Should the White House itself adhere to its own basic social distancing guidelines when holding press conferences about the coronavirus?
“I cannot do the impossible,” Anthony Fauci, the government’s top infectious disease expert, told Science Magazine on that question Sunday night.
Fauci, director of the National Institute of Allergy and Infectious Diseases, was referring to the fact that the White House Coronavirus Task Force meetings regularly include a crowd of people on stage, in addition to the journalists and others in the briefing room.
That runs counter to White House guidelines released a week ago that Americans should avoid gatherings of more than 10 people.
The interview put a spotlight on Fauci’s uphill battle to communicate the fundamentals of fighting COVID-19, even as the President offers his own medical advice and suggests in his tweets that the distancing measures key to slowing the virus’ spread aren’t worth the economic cost.
“I keep saying, is there any way we can get a virtual press conference,” Fauci wondered aloud to Science. “Thus far, no. But when you’re dealing with the White House, sometimes you have to say things 1, 2, 3, 4 times, and then it happens. So I’m going to keep pushing.”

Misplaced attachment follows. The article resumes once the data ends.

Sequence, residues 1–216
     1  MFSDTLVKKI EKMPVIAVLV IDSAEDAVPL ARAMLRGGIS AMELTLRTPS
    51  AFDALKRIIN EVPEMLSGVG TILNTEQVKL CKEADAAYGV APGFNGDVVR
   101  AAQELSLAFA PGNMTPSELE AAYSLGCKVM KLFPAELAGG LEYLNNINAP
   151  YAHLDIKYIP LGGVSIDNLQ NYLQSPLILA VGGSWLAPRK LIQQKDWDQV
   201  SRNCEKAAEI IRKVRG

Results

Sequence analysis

Fauci appeared to get more exasperated as the interview went on.
When Science brought up Trump falsely accusing China of covering up the virus for months — the country did delay informing global health authorities about the novel coronavirus, but not for that long — the doctor didn’t have an answer.
“I know, but what do you want me to do?” he said. “I mean, seriously Jon” — Jon Cohen was the Science staff writer interviewing Fauci — “let’s get real, what do you want me to do?”
The “appropriate people” had been informed of Trump’s error, Fauci said. “But I can’t jump in front of the microphone and push him down. OK, he said it. Let’s try and get it corrected for the next time.”
Fauci said that the task force generally meets and then comes up with a consensus on what the message should be for the press briefings. Then, somebody writes a speech for Trump on the material.
“Then he gets up and ad libs on his speech,” Fauci said.
One such ad lib, in which Trump on Friday called the State Department the “Deep State Department,” resulted in Fauci’s face-palm-heard-’round-the-world.
Did Fauci face any criticism for his action? Science asked.
“No comment,” he replied.